Your brand is interested in online marketing because your consumers shop online. If you’re a popular brand and well established, it is likely won-over consumers come to you. However, such conveniences are a reality for a very small percentage of brands. A larger percentage of shoppers leverage ‘keywords.’ Words reflecting their product/service need.
Usually, when brands first understand the keyword relation to search results, they have an ‘epiphany.’ Surely, you have to fill Web pages with words describing your products/services. The more keywords inserted, the better results, right? Very wrong. This is called ‘keyword stuffing.’ First, search engines penalize Web sites for this. Secondly, good rankings are only a portion of the whole online marketing pie.
PPC vs. Organic
The difference between PPC results and organic results is money. PPC ads can be costly. The process of online advertising demands diligence, time, and energy most SMB entities don’t have to spare. Gaining organic traction takes time and PPC traction warrants money. Some brands decide to ‘accelerate’ rankings by adopting ‘black hat’ methods. Very wrong. While black-hat methods may achieve desirable effects, it will be short lived. Search engines are smarter than ever, leaving less room for unscrupulous practices.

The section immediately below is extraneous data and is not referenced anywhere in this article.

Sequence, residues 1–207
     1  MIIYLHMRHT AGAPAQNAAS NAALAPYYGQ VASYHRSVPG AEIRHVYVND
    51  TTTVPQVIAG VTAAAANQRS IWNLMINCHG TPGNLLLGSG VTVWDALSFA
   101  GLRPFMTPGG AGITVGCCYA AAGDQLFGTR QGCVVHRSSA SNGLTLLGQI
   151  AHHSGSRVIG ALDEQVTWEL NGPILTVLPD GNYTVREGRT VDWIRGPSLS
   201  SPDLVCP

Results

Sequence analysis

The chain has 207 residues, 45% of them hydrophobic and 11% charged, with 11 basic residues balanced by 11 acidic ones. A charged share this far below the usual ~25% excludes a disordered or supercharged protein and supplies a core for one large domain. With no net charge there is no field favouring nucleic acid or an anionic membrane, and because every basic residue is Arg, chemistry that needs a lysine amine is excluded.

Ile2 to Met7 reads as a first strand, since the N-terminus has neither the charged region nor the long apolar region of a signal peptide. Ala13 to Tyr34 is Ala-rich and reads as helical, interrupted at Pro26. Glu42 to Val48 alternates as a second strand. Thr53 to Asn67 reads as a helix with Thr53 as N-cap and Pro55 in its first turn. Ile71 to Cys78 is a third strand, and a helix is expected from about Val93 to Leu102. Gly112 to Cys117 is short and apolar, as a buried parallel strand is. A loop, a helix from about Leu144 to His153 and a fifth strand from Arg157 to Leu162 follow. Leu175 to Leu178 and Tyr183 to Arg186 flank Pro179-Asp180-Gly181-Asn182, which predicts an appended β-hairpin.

PPC stands for (pay-per-click); brands are charged each time a browser ‘clicks’ on an advertisement. Of course, a brand has to expect each click is not going to guarantee a conversion. Unfortunately, if a brand is not considering negative keywords (words or phrases having ambiguous meaning to users) it may be paying for advertising to the wrong target markets. For instance, your product name may share its appellation with a slang term for another (completely different) product or service. It seems unlikely but it actually a matter of concern for many campaigns.
There are on-page elements to address, which help both users and search engines better realize the content of a given page. Meta information and header tags help along with a page’s content. As referenced, search engines are very smart these days. In the past, a particular percentage of keywords was the recommended practice. These days, LSI or latent semantic indexing is becoming more of a trend. The process makes for a more natural writing and reading experience.